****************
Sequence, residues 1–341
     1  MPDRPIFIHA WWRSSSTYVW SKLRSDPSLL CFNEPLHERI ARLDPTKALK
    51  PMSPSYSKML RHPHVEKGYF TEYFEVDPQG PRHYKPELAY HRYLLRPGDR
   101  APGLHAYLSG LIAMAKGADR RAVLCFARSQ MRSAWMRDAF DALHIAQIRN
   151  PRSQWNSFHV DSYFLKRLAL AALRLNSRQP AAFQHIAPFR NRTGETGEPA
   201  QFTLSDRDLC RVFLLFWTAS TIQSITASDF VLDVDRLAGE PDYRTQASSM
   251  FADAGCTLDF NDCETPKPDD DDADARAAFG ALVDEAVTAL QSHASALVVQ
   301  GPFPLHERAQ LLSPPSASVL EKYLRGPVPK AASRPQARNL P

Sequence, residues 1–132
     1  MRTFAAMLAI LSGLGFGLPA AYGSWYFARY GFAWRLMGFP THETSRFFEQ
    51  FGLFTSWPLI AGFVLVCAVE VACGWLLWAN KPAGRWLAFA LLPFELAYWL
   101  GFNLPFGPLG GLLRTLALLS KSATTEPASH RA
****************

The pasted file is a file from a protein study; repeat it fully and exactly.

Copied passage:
Sequence, residues 1–341
     1  MPDRPIFIHA WWRSSSTYVW SKLRSDPSLL CFNEPLHERI ARLDPTKALK
    51  PMSPSYSKML RHPHVEKGYF TEYFEVDPQG PRHYKPELAY HRYLLRPGDR
   101  APGLHAYLSG LIAMAKGADR RAVLCFARSQ MRSAWMRDAF DALHIAQIRN
   151  PRSQWNSFHV DSYFLKRLAL AALRLNSRQP AAFQHIAPFR NRTGETGEPA
   201  QFTLSDRDLC RVFLLFWTAS TIQSITASDF VLDVDRLAGE PDYRTQASSM
   251  FADAGCTLDF NDCETPKPDD DDADARAAFG ALVDEAVTAL QSHASALVVQ
   301  GPFPLHERAQ LLSPPSASVL EKYLRGPVPK AASRPQARNL P

Sequence, residues 1–132
     1  MRTFAAMLAI LSGLGFGLPA AYGSWYFARY GFAWRLMGFP THETSRFFEQ
    51  FGLFTSWPLI AGFVLVCAVE VACGWLLWAN KPAGRWLAFA LLPFELAYWL
   101  GFNLPFGPLG GLLRTLALLS KSATTEPASH RA